At this panel participants discussed about the availability of water as a basic resource for life and the issue of privatization of water resources, but also about the social conditions that contribute to the spread of malaria, especially in African countries. The panel was led by scientists from Serbia Anja Čarapić and Thuvaraka Thavayogarajah Ph.D biomedical sciences from Germany / Sri Lanka.
During her speach about water as a basic living resource Anja Čarapić noticed that although the UN recognized access to clean drinking water as a universal human right it does not answer the practical question: how to make it available to all people. The privatization of water sources is potentially a major challenge to ensure its availability: “Water is gold of the 21st century. Privatization has the potential for tremendous growth primarily due to the desperate needs of the developed countries, but the water is too important to be only in the hands of private owners. While the privatization of the water supply system might be made more efficient and certainly more profitable, it may limit the scope of those who will use it and become inaccessible to the poor“underlined Čarapić.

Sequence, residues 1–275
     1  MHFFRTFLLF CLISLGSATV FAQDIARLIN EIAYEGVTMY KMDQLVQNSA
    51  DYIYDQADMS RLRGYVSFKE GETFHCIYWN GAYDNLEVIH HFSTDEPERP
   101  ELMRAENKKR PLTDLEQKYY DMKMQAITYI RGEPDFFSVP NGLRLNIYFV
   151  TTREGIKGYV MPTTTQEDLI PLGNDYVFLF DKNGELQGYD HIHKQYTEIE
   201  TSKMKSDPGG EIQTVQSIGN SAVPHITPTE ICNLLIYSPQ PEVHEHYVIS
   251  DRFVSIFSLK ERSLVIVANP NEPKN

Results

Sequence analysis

“Health is an universal human right, fundamental to our survival, but still a privilege of the inhabitants of the wealthy countries, while people in developing countries die from infectious diseases” at the very beginning of her speach emphasized Dr Thuvaraka Thavayogarajah. Providing conference participants insight into the medical aspects of the disease, the symptoms, prevention and vaccination, she said that in spite of everything 212 million people fall ill and a million people die of malaria every year, especially in South America, Africa and South Asia. Thanks to large investments in public health in the last 10 years malaria was eliminated in the United Arab Emirates, Morocco, Turkmenistan, Armenia, Maldives, Kyrgyzstan and Sri Lanka, which demonstrates the relationship between living conditions and the development of malaria. “The African region, by contrast, is most threatened. In 2015, 90% of malaria cases and 92% of deaths as a result of the disease occurred in Africa. In all countries that it still exists, malaria affects the poor people more and people with limited access to public health facilities and who can not afford medical treatments” ended Thavayogarajah underlining once again the link between living conditions and health.